He was born in Paris in 1957. In 1983, he and his friends founded İletişim Publishing in order to support the return to democracy and civilian rule after the September 12 coup through popular publishing. The Marmara Earthquake was a turning point in his life; he supported civic networks created in the region in the wake of the earthquake. In 2002, together with people from the business circles and civil society, he founded Anadolu Kültür in an effort to spread and scale up culture and arts events and to advocate cultural diversity and rights. In the 1990s, to help bind the wounds left by the fighting in Turkey’s eastern and southeastern provinces and build a culture of dialogue and peace through arts, he played a pioneering role in Anadolu Kültür’s first project, the establishment of the Diyarbakır Art Center. The Kars Arts Center, also with Anadolu Kültür’s support became a cultural meeting space not only for Turkey, but for Armenia, Georgia and Azerbaijan as well. During negotiations for Turkey’s membership in the European Union, he concentrated on projects to establish ties between European and Anatolian cities. After the 2011 Van Earthquake, he held photography workshops. He also created projects and published books for Yazidi and Syrian refugee children living under harsh conditions. He has brought together hundreds of artists as well as their works of art in an effort to contribute to the opening of the sealed border between Turkey and Armenia, which have had no diplomatic relationship since 1993.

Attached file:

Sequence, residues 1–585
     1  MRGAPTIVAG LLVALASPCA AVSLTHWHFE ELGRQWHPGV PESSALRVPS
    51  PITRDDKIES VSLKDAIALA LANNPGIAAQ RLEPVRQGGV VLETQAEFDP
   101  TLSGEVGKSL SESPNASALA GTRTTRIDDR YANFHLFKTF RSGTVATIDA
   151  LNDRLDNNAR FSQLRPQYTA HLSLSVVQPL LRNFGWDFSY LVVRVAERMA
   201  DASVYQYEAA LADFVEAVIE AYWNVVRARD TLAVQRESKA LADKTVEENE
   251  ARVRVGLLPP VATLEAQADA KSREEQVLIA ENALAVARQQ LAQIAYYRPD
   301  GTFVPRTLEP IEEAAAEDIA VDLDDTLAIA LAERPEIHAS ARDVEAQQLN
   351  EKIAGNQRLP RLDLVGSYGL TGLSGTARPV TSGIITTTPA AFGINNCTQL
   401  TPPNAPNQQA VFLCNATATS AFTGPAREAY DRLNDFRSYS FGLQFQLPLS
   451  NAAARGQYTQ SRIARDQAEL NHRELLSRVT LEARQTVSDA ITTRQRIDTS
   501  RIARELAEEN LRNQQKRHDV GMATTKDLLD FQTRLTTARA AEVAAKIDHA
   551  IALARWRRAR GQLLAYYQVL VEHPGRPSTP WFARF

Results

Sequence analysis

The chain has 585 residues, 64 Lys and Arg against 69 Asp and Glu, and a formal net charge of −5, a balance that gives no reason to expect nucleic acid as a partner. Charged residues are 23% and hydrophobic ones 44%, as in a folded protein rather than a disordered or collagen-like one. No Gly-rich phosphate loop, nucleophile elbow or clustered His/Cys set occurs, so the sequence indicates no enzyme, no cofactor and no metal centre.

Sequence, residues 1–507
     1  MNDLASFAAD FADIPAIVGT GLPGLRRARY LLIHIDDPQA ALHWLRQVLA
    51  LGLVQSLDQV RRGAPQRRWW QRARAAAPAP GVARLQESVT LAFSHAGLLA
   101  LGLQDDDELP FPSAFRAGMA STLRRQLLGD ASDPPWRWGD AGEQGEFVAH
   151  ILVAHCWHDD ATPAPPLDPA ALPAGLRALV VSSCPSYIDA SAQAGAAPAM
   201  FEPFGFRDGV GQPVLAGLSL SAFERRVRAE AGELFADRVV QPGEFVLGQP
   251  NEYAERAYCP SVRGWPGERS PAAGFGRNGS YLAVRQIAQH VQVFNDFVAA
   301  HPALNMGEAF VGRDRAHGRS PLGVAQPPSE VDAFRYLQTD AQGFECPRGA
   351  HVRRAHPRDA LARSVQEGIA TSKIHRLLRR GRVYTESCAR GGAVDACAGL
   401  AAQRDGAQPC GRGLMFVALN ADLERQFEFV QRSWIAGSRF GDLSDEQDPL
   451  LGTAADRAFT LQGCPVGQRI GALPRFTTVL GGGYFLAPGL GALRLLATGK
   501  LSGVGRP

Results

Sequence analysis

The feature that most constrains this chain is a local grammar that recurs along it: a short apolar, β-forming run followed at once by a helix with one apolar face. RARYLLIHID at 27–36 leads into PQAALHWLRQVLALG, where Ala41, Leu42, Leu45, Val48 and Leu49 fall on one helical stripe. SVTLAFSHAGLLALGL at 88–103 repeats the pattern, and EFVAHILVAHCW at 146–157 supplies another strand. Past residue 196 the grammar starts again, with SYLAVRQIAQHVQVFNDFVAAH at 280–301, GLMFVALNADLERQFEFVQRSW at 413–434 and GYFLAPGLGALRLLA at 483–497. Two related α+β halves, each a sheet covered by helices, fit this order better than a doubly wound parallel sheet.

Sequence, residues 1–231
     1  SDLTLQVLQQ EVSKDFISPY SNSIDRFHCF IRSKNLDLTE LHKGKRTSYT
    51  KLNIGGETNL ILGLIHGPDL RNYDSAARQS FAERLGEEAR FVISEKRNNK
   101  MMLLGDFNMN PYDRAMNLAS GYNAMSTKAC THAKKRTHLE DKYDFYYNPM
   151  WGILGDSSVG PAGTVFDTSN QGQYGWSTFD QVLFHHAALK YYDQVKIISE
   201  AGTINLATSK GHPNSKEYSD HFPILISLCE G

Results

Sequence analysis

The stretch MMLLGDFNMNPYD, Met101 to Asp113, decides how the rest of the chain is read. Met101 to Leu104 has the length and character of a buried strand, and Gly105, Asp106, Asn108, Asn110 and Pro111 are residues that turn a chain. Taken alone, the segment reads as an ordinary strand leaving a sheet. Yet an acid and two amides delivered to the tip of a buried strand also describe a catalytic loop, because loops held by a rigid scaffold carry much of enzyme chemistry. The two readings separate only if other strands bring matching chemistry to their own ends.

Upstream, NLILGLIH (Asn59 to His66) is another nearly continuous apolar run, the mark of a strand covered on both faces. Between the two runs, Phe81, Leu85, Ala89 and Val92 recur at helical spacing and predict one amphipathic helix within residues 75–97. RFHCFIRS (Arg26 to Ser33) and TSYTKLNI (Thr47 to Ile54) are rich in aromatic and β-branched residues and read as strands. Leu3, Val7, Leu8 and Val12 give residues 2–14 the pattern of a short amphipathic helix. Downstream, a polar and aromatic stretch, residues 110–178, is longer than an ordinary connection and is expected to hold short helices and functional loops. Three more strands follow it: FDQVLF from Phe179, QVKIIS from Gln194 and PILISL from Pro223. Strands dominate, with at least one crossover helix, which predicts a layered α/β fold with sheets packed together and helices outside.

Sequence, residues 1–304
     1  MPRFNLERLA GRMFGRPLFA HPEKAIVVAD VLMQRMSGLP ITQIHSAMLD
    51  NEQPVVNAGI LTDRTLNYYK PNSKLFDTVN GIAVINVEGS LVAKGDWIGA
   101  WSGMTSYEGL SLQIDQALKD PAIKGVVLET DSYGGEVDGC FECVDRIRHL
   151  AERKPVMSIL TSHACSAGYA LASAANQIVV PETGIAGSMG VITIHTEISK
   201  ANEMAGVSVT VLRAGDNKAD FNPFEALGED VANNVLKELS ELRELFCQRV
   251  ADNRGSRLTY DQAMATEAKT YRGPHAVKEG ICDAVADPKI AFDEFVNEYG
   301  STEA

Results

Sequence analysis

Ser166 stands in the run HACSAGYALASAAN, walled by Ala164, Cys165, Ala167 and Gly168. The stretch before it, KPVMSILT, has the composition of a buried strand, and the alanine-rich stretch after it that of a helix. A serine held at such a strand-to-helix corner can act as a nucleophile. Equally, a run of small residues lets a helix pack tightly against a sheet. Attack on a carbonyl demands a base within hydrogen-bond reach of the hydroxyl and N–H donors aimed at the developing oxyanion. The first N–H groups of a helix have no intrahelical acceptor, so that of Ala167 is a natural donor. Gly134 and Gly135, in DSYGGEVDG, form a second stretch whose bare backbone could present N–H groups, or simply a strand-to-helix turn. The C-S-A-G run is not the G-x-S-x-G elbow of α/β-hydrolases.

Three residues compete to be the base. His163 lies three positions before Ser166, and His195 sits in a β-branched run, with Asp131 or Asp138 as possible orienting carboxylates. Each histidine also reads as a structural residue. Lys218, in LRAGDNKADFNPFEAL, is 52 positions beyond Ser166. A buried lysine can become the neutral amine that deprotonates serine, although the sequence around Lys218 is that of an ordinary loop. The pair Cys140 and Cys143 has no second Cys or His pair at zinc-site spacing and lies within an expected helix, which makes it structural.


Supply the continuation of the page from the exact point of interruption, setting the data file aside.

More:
She was born in 1979 to an Egyptian family in Saudi Arabia. In 2007 she and ten other young Egyptian women activists founded a civil society organization called ‘Nazra for Feminist Studies.’ Through Nazra and on her own, she documented the human rights violations taking place in Tahrir Square during the Egyptian Revolution in 2011. She worked with local organizations to protect the rights of women who experienced sexual violence and gang rape in Tahrir Square. She coordinated the efforts to provide women with medical, psychological and legal support. She followed the cases on sexual violence. After the revolution, Nazra started a hotline for women survivors of sexual assault. Following the revolution, she took part in a coalition of women’s organizations and played a major role in the inclusion of women’s rights in the Egyptian Constitution. Together with her colleagues at Nazra, and in cooperation with state institutions such as the National Council for Women, the National Council for Human Rights and the Ministry of Justice, she ensured that women’s rights were incorporated into laws and political decisions, and had a special unit established within the Egyptian police force to combat violence against women. She brought up the subjects of women’s rights violations, and violence and discrimination against women on several international platforms such as the United Nations. In 2015 she was one of the pioneers in the establishment of a coalition of civil society organizations called the Coalition of Women Human Rights defenders in the Middle East and The Caucus of Women Politicians in the Arab Region.